Wednesday, September 12, 2007
The Fountain (Darren Aronofsky/ Kent Williams)
It all started when Nick called for help in choosing his next purchase among the graphic novels before him. I asked him what his options were. At the mention of Darren Aronofsky's The Fountain, I totally tuned out the rest. In the end, Nick bought me a copy of my own, and it was the first birthday present I received this year.
Thing is, I've been meaning to watch the film when I first heard the story. How Mr. Aronofsky first cast Brad Pitt to star in this surreal, multi-dimensional quest to save a life, and how he had to subsequently pack up when the star walked away from the project. I missed the screening when it was released in Manila, and up until now, I still haven't gotten around to seeing it.
Thank goodness for the graphic novel, though. I found Kent Williams' art a fitting complement to Mr. Aronofsky's tale(s?). Isabella, Queen of Spain, sends her captain Tomas to the mystic land of Chetumal for the Tree of Life, in defiance of the Church. Their story, fact or fiction, is the subject of present-day Izzi Creo's novel. Izzi is dying of cancer while her research scientist husband Tommy slices open monkeys to find a cure. Does she die? Ask Tommy who, in the far future, is floating through space with the Tree of Life. In a bubble. Towards a star about to go supernova. All throughout this interweaving of lives, Mr. Williams' art does an admirable job of keeping up. It turns striking and bloody as the conquistadores duke it out with the Church and the Mayans, sparse and monochromatic during Izzi's battle with cancer, soft and lush when Tommy turns Zen in space.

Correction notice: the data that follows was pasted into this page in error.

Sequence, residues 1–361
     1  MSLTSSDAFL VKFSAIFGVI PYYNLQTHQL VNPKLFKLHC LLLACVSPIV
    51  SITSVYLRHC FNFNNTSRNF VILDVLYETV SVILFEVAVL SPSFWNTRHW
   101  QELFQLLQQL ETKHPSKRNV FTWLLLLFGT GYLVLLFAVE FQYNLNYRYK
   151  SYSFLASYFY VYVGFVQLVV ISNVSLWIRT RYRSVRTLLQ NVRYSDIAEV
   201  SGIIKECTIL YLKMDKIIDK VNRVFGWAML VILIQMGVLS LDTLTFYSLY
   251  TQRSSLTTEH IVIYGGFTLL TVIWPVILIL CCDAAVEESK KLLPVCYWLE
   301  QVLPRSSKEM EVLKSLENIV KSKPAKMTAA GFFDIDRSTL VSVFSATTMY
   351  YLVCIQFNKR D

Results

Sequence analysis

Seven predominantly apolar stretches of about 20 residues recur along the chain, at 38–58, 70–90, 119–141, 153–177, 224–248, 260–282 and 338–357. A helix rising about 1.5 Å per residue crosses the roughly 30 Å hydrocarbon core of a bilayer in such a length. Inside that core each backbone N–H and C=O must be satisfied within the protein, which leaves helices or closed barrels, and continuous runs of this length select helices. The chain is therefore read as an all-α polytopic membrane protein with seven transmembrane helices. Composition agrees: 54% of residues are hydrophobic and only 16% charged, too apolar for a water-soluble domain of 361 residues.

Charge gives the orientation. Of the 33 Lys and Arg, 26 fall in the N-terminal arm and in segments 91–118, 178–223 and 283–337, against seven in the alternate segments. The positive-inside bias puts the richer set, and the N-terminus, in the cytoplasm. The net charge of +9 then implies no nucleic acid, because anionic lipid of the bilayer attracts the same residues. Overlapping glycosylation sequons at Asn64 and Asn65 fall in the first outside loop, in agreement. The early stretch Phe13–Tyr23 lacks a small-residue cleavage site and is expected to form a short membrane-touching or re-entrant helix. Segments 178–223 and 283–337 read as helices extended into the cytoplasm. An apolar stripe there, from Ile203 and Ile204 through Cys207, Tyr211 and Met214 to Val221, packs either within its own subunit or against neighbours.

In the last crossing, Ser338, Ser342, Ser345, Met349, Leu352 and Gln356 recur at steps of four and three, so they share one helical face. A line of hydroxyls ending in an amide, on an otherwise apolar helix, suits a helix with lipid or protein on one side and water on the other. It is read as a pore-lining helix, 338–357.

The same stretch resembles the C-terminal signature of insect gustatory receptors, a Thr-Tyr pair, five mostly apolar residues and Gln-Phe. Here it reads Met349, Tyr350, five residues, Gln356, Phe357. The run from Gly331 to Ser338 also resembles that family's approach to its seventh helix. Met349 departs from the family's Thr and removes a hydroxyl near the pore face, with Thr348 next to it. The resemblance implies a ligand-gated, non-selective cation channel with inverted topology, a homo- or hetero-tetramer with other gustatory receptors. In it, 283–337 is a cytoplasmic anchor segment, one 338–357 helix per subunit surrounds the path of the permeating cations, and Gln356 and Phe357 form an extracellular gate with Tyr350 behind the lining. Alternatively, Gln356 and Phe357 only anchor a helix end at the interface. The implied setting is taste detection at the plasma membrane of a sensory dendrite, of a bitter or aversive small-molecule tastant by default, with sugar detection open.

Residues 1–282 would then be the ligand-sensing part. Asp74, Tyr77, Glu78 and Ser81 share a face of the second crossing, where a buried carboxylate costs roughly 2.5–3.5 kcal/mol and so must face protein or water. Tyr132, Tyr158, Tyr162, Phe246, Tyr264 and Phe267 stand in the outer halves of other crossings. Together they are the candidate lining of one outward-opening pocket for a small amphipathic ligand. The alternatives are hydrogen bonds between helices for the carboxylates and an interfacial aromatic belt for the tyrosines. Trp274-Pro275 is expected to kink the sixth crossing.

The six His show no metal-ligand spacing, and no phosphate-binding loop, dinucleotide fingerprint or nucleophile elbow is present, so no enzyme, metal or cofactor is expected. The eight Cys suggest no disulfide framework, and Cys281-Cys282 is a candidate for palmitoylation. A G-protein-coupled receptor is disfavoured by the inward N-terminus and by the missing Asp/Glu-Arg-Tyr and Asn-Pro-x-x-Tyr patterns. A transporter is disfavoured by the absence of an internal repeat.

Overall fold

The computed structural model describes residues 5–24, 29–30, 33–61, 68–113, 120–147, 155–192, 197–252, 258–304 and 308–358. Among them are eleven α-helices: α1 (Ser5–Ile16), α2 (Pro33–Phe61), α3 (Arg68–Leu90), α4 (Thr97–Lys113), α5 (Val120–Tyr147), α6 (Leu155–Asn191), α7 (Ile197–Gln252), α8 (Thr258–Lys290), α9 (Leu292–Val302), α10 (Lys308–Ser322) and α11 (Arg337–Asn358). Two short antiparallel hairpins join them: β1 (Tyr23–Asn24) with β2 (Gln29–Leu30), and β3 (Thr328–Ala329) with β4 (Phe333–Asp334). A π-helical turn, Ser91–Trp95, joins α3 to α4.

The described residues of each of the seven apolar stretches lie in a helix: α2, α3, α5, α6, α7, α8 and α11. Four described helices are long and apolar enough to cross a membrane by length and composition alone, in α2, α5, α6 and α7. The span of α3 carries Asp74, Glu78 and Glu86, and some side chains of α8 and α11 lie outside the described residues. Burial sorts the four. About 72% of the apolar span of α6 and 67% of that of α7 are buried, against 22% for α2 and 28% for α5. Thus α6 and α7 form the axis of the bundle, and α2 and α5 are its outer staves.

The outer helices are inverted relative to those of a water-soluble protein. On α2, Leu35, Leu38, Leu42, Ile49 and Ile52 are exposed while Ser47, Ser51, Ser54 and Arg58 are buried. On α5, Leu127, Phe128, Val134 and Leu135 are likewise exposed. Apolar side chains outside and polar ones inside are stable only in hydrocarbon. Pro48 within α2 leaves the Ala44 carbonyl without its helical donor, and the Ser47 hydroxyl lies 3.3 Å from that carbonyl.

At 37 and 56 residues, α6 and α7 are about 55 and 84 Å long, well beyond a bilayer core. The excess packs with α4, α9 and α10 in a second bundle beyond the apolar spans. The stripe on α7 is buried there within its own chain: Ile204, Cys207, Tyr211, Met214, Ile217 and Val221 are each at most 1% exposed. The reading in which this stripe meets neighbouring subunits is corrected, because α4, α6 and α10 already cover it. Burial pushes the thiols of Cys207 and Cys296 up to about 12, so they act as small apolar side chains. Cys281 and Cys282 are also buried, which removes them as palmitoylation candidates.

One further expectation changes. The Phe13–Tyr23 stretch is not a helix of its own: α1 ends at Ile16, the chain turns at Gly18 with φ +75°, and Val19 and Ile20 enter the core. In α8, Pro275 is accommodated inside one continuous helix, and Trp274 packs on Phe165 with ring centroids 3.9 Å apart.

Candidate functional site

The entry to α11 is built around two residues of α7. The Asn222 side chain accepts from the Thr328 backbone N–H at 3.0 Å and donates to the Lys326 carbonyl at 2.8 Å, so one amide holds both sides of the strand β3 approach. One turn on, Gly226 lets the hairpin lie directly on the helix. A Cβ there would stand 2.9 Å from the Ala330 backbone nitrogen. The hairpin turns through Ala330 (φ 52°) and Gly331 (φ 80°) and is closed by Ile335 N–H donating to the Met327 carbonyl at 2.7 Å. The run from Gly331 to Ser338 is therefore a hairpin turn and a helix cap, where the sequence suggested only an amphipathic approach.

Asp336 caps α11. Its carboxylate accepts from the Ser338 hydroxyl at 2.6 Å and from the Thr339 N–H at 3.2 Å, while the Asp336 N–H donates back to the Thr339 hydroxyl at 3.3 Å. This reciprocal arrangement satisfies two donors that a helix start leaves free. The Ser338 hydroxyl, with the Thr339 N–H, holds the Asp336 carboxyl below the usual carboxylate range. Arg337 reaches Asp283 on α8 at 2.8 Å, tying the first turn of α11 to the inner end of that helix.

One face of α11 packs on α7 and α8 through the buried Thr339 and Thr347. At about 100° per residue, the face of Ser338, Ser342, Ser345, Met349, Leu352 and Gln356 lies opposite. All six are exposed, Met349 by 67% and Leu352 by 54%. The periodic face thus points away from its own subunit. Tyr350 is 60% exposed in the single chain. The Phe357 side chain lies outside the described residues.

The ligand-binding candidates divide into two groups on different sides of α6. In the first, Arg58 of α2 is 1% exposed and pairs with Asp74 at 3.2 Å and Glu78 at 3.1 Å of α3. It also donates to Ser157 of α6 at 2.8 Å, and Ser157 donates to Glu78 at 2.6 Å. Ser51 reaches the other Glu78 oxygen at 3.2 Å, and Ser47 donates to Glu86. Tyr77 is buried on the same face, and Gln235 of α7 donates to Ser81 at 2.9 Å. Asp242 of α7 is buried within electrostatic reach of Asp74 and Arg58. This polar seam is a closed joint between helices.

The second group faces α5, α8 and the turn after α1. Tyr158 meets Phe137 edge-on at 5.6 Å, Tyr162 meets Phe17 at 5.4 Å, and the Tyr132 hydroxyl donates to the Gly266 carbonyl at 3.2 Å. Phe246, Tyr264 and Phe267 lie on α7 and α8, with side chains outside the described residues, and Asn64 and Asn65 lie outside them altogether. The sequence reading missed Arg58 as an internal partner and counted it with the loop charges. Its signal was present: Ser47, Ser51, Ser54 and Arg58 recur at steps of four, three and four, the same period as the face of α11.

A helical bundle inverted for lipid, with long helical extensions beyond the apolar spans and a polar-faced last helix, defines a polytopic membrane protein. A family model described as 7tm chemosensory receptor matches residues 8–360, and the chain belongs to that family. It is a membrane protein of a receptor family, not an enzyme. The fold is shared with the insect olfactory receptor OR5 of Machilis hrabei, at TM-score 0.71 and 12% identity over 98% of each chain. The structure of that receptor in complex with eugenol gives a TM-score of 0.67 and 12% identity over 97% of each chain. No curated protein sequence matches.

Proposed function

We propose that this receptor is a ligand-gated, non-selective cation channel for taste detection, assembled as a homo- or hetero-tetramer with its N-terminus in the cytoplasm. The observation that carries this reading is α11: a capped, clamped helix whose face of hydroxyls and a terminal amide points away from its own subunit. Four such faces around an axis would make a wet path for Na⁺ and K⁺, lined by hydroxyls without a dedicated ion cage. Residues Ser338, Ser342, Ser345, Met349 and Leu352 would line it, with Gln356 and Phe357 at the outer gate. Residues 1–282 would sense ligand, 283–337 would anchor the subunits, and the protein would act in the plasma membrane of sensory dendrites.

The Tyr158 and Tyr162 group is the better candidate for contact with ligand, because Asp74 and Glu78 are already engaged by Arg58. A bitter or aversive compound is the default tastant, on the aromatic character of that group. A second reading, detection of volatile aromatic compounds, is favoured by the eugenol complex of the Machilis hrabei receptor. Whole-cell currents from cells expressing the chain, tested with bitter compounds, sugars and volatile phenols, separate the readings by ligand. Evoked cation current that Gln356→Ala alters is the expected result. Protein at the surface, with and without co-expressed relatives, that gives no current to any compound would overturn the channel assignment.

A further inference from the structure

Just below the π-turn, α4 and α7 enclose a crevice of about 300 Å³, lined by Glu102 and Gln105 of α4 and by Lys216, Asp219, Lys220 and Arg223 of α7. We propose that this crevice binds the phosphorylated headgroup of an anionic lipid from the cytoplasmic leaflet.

But The Fountain survives more on the mood it envokes rather than the clarity of its narrative, which is hardly the point anyway. Visually and emotionally, it is multi-layered and ambitious, yet it communicates on a very personal level. Tommy's struggle with Izzi's sickness, in particular, impresses upon the reader a moment of pure heartbreak: a missing ring. At the heart of The Fountain is the survival of love: the strength to face death and embrace life in spite of it. 'Welcome the pain,' it exhorts, but without any cynicism or bitterness or emo-artiste-pathos.
Personally, there is much to celebrate today, and the graphic novel only serves to drive the point further home. So laugh. Cry. Live. Die. Rejoice. It leaves behind a message of hope which is perhaps, in the end, the nicest present of all. Have a nice life, you.